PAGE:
Erin Hogg

Social Media Marketing: Setting expectations both internally and externally [Video]

August 26th, 2014

“#FAIL” is the last thing you want to hear from your audience on your social media channels.

From disgruntled users or customers to people calling out your company or brand’s blunder, handling the outcome of a social media fail correctly is critical for recovery.

But beyond just addressing a crisis online, is there an effective way to prevent these cringe-worthy mishaps from even happening?



In the MarketingSherpa Media Center at IRCE, Andrew Jones, Industry Analyst, Altimeter Group, explained how using a simple two-part strategy can help prevent social media fails before they occur.


Strategy #1. Manage expectations internally

Before you embark on social media, Andrew explained there should be a plan going into the journey to set guidelines for those who will be posting.

“At first, I think a lot of brands got involved and saw it as kind of a cute toy, and said, ‘Oh, let’s give it to the intern,” or, ‘Let’s give it to someone who doesn’t necessarily know a lot about the company,”‘ Andrew explained. “That can cause problems if the engagement that ends up representing the company in a very public space ends up causing social media fails or misrepresenting the company.”

Andrew recommended that the team managing a company’s social media account has rules and scenarios on how to interact with the audience online, especially when there’s a problem.


Strategy #2. Manage expectations externally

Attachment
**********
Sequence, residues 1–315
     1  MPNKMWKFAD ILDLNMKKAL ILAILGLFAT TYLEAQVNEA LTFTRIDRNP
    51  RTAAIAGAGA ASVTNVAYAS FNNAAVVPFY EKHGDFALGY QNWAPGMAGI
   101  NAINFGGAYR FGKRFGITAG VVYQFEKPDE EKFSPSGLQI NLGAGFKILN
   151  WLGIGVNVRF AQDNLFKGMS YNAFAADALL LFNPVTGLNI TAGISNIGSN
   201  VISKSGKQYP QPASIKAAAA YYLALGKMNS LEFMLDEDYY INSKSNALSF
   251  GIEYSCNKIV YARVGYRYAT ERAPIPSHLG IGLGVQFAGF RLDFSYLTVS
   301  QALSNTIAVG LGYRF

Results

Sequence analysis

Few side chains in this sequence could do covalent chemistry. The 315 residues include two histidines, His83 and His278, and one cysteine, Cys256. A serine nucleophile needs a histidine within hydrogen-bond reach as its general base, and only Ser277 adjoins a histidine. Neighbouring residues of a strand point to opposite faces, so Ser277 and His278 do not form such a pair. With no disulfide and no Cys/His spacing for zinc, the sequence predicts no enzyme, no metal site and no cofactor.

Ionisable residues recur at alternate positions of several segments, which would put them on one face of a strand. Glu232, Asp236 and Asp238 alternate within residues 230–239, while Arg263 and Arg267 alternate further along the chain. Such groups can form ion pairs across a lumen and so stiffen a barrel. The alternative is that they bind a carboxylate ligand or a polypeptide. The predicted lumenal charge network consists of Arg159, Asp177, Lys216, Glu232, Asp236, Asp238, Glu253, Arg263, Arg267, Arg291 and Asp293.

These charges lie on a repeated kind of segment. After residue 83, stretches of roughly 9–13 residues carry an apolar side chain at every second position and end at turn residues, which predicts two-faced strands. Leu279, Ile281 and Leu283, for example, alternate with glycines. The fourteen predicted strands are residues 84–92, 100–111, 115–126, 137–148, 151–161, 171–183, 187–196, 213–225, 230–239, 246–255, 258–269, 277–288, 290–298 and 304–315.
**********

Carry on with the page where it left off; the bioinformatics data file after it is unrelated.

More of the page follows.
Having rules for engagement when things go wrong is helpful, taking it a step further by posting those rules publicly will help a company succeed when the inevitable social media crisis occurs.

For example, Andrew explained that when there are confrontational comments, and they are deleted by the brand or company, that could make the problem worse.

“If you don’t have something to point to, it’s very easy for fans and followers to get really up in arms about what you’re doing, or deleting, or any kind of behavior,” Andrew said.

By being transparent about what is – and isn’t – appropriate on your social media channels, you will have something to fall back on if something goes wrong.

Watch Andrew’s full interview from the MarketingSherpa Media Center at IRCE to learn more about social media fails, and how to address them.


You might also like

Reputation Management: How Dairy Queen handles customer service using social media [Case study]

Reputation Marketing: 7 tactics to manage and protect your brand [How-to article]

Develop a Winning Combination for Social Media Integration: 9 tips from a recent MarketingSherpa webinar [How-to article]

Categories: Marketing Tags: , , , , ,

We no longer accept comments on the MarketingSherpa blog, but we'd love to hear what you've learned about customer-first marketing. Send us a Letter to the Editor to share your story.